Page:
Programmes > Par auteur > Barnes Ian

UP-North: Exploring the environmental context of the Late Upper Palaeolithic peopling of Northwest Europe
Rhiannon Stevens  1, *@  , Hazel Reade  1@  , Jennifer Tripp  1@  , Sophy Charlton  2@  , Sonja B. Grimm  3@  , Mietje Germonpré  4@  , Ian Barnes  5@  , Thomas Higham  6@  
1 : UCL Institute of Archaeology  -  Site web
31-34 Gordon Square, London WC1H 0PY -  Royaume-Uni
2 : The Natural History Museum, London  -  Site web
Cromwell Road London SW7 5BD -  Royaume-Uni
3 : Centre for Baltic and Scandinavian Archaeology  (ZBSA)  -  Site web
Stiftung Schleswig-Holsteinische Landesmuseen Schloss Gottorf, 24837 Schleswig -  Allemagne
4 : Royal Belgian Institute of Natural Sciences  (RBINS)  -  Site web
Museum of Natural Sciences Vautier Street 29 1000 Brussels -  Belgique
5 : The Natural History Museum, London  -  Site web
Cromwell Road, London SW7 5BD -  Royaume-Uni
6 : Oxford Radiocarbon Accelerator Unit, University of Oxford  -  Site web
Research Laboratory for Archaeology and the History of Art School of Archaeology 1 South Parks Road Oxford OX1 3TG -  Royaume-Uni
* : Auteur correspondant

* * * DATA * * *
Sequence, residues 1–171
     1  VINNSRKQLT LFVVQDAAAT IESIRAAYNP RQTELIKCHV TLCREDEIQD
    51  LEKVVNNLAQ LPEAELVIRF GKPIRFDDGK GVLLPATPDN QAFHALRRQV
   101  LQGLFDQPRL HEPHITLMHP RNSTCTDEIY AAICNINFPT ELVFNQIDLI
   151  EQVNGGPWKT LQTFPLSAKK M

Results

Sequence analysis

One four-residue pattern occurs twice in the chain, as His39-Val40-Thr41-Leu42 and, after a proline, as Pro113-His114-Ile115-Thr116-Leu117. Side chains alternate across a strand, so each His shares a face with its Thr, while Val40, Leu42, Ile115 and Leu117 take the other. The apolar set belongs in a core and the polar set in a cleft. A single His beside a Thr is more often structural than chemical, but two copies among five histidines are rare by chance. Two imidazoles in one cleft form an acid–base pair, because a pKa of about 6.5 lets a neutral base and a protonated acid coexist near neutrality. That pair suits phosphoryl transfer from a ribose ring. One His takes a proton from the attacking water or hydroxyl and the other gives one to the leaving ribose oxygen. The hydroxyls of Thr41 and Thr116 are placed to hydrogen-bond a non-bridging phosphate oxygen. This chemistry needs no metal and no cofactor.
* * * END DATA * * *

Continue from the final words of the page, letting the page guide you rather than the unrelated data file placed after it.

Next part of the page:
Human subsistence, mobility and environmental interactions at the end of the Palaeolithic were undoubtedly influenced by large-scale and rapid climate change. With the melting of ice sheets and expansion / contraction of ecosystems, new landscapes and resources became available to Late and Final Palaeolithic hunter-gatherer people. The UP-North project is examining the dispersal of people and animal populations into Northern Europe after the Last Glacial Maximum. Using a range of techniques, including stable isotope, radiocarbon and ancient DNA analyses, UP-North is establishing local chronological, palaeoclimatic and palaeoecological frameworks in which links between cultural innovation and/or persistence under changing environments can be explored. A key aspect of the project is to assess the timing, pace and scales of change at a local level, and to evaluate whether these changes varied by or were consistent between locations. Here we present new stable isotope and radiocarbon data from Belgium and the British Isles. We apply a multi-isotope approach to key herbivore prey species (reindeer, red deer, horse, elk, and aurochs) to infer habitat change, local landscape evolution and ecological context of the human activity in the area. We explore the timing of human presence in the regions through radiocarbon dating faunal remains that show evidence of human modification. By developing multiple integrated lines of evidence the project provides an insight into the Late-glacial landscape and environment change that Palaeolithic people experienced and evaluates how these may have influenced the decisions they made.

 


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